To prepare for Palm Sunday we examine what moves us to action. What is there that inspires us and captures our hearts and minds? How do we measure success? Do we evaluate our living with measures derived from the quality and intensity of love of God and love of neighbor? Have we minimized our faithful obedience to the gift of love God offers us, the God who wills fullness of life for all? Do we seek domination of others; do we fail to grow in love and kindness within our families? Do we embrace the culture of death that is the work of the culture of the world and refuse the culture of life that is the culture of the Christ?

The excitement of the Davidic King entering the city of our hearts must be more than pomp and circumstance. If we want a king who satisfies our every need without our commitment to live in his love we become the crowd that celebrates his coming but condemns him when the going gets rough. Our Holy Week readings help us remember, to bring to the present time the events of the institution of the Kingdom of God.

After we hear the Word of God, we proclaim our faith by reciting the Creed. We begin the Creed with the words "I believe." It’s not "We believe", but clearly "I believe." Because we are individual persons of faith in God, his Son, the Holy Spirit, and the community of the Church, we are able to participate in the Eucharistic sacrifice. When, after the consecration of the gifts we bring to the altar of sacrifice, we receive the Body and Blood of the Lord, we return to our places and remain standing as a sign of our solidarity with each member of the Body of Christ present in this assembly. Let’s not forget that the offertory is placing on the table of the Lord an offering of our work, our joys, our suffering, and our love of family, friends, and community. It includes an offering of our failings and desire to grow in wisdom, age, and grace. Our offertory process currently doesn’t portray very well that our offerings – money but also the experiences we offer, the movements of our hearts -- are placed on the altar. Our offerings provide the raw material to be consecrated into the Body and the Blood of Jesus, Son of God and Son of Man. To truly participate in the Eucharistic offering, we need to prepare our gifts before we come to the community. We need to take a few moments to consider what we wish to offer to God. If we fail to bring an offering (not merely a monetary offering, but an offering in mind and heart of our efforts, successes, and failures) we are reduced to passive observers of a "miracle play" and become an audience entertained. How meaningless and empty that would be!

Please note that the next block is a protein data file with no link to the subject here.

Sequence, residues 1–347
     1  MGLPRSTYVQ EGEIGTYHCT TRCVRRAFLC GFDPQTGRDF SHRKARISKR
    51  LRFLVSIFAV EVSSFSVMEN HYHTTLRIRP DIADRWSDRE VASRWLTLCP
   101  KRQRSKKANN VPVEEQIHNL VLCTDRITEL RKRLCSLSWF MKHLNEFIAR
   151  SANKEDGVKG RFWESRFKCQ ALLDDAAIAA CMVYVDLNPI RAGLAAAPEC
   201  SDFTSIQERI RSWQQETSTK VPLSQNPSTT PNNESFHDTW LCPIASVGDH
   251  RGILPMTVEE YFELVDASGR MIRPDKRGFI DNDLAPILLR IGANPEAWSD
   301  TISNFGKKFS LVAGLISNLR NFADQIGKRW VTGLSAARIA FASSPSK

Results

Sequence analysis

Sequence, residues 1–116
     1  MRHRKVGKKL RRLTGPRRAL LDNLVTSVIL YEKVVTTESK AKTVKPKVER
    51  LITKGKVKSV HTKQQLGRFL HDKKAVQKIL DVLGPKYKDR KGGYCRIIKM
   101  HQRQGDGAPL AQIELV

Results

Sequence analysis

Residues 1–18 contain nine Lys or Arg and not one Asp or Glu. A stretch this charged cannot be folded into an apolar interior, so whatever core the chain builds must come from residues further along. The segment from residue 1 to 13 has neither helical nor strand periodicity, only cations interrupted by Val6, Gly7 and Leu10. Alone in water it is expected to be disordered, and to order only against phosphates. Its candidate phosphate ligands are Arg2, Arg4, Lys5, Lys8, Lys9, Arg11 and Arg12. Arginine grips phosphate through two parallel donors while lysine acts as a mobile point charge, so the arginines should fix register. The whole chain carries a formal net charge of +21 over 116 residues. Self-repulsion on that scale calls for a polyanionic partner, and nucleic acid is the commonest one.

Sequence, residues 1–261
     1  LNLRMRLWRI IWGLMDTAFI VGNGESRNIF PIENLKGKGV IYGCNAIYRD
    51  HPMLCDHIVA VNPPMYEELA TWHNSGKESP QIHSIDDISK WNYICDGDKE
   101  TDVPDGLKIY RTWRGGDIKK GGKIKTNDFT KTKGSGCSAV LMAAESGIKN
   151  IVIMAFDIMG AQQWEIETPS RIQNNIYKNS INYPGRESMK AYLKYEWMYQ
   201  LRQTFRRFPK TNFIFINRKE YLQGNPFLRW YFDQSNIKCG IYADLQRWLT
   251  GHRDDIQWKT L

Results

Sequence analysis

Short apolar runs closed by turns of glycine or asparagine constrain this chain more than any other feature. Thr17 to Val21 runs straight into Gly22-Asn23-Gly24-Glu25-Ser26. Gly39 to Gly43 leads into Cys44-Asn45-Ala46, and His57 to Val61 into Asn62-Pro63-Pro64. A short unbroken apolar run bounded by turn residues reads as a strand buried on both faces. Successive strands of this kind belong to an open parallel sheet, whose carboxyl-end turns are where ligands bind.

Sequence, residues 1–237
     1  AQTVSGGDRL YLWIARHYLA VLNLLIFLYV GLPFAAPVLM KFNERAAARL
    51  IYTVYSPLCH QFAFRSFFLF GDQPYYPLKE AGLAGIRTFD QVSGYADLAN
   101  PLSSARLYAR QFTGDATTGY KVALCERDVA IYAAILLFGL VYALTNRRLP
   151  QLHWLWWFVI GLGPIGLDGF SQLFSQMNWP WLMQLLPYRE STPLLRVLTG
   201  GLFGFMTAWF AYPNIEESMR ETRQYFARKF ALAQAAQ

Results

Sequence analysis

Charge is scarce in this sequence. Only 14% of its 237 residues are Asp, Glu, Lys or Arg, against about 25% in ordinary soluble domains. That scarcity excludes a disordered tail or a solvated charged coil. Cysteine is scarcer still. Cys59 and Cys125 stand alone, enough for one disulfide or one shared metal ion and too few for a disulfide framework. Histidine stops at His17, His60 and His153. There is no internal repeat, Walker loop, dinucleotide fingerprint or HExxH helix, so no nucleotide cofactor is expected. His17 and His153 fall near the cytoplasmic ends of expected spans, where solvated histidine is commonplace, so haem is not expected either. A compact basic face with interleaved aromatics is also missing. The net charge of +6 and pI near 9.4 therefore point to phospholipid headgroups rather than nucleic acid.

The gifts given are received by the presider-priest using the prayers offered by the Jewish head of household at the Passover meal. "Blessed are you, Lord God of all creation, for through your goodness we have received the bread we offer you: fruit of the earth and work of human hands, it will become for us the bread of life." Then taking the cup of wine, the presider-priest prays over the gifts again in the words of the Passover meal; "Blessed are you, Lord God of all creation, for through your goodness we have received the wine we offer you: fruit of the vine and work of human hands, it will become our spiritual drink." When the offertory ritual is completed, the presider-priest sings/says the preface; this is the introduction to the consecration and offering of our communion sacrifice. The whole people sing out the words from Isaiah 6:3 – "Holy, Holy, Holy is the Lord of Hosts…All the earth is filled with his glory." This is the song of the Seraphim Isaiah saw in his vision of the court of God. We come into the presence of God. Our gifts will be consecrated by the work of the Holy Spirit. When the presider-priest elevates the host and then the cup, it is not an offering of the Host and the Cup to God. It is the presider-priest showing the assembly the bread that is the Body of Christ and the cup that is the Blood of Christ. The actual offering of the sacrifice, our gifts consecrated by the Holy Spirit, is at the end of the great prayer. The presider-priest prays: "Through him, and with him, and in him, in the unity of the Holy Spirit all glory and honor is yours forever and ever." That is our offering to the Father. To this offering the community responds with a firm and convinced "Amen", "may it be so!"